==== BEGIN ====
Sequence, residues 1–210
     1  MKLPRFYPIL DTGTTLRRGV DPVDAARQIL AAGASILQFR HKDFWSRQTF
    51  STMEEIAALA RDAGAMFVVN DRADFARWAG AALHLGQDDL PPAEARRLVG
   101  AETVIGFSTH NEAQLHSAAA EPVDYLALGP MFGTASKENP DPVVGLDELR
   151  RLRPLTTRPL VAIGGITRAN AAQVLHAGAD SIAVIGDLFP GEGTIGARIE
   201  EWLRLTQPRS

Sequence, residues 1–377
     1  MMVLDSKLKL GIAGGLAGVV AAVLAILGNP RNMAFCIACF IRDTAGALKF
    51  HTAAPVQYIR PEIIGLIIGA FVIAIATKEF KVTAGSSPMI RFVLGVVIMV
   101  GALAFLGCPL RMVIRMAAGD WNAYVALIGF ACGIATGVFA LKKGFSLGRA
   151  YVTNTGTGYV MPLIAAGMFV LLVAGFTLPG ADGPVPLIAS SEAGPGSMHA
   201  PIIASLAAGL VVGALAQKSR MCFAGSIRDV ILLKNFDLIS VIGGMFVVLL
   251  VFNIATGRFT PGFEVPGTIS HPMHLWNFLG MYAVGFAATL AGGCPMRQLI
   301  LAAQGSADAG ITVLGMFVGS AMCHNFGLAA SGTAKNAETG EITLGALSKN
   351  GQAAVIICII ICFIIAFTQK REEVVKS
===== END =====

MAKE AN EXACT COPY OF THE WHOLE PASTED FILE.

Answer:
Sequence, residues 1–210
     1  MKLPRFYPIL DTGTTLRRGV DPVDAARQIL AAGASILQFR HKDFWSRQTF
    51  STMEEIAALA RDAGAMFVVN DRADFARWAG AALHLGQDDL PPAEARRLVG
   101  AETVIGFSTH NEAQLHSAAA EPVDYLALGP MFGTASKENP DPVVGLDELR
   151  RLRPLTTRPL VAIGGITRAN AAQVLHAGAD SIAVIGDLFP GEGTIGARIE
   201  EWLRLTQPRS

Sequence, residues 1–377
     1  MMVLDSKLKL GIAGGLAGVV AAVLAILGNP RNMAFCIACF IRDTAGALKF
    51  HTAAPVQYIR PEIIGLIIGA FVIAIATKEF KVTAGSSPMI RFVLGVVIMV
   101  GALAFLGCPL RMVIRMAAGD WNAYVALIGF ACGIATGVFA LKKGFSLGRA
   151  YVTNTGTGYV MPLIAAGMFV LLVAGFTLPG ADGPVPLIAS SEAGPGSMHA
   201  PIIASLAAGL VVGALAQKSR MCFAGSIRDV ILLKNFDLIS VIGGMFVVLL
   251  VFNIATGRFT PGFEVPGTIS HPMHLWNFLG MYAVGFAATL AGGCPMRQLI
   301  LAAQGSADAG ITVLGMFVGS AMCHNFGLAA SGTAKNAETG EITLGALSKN
   351  GQAAVIICII ICFIIAFTQK REEVVKS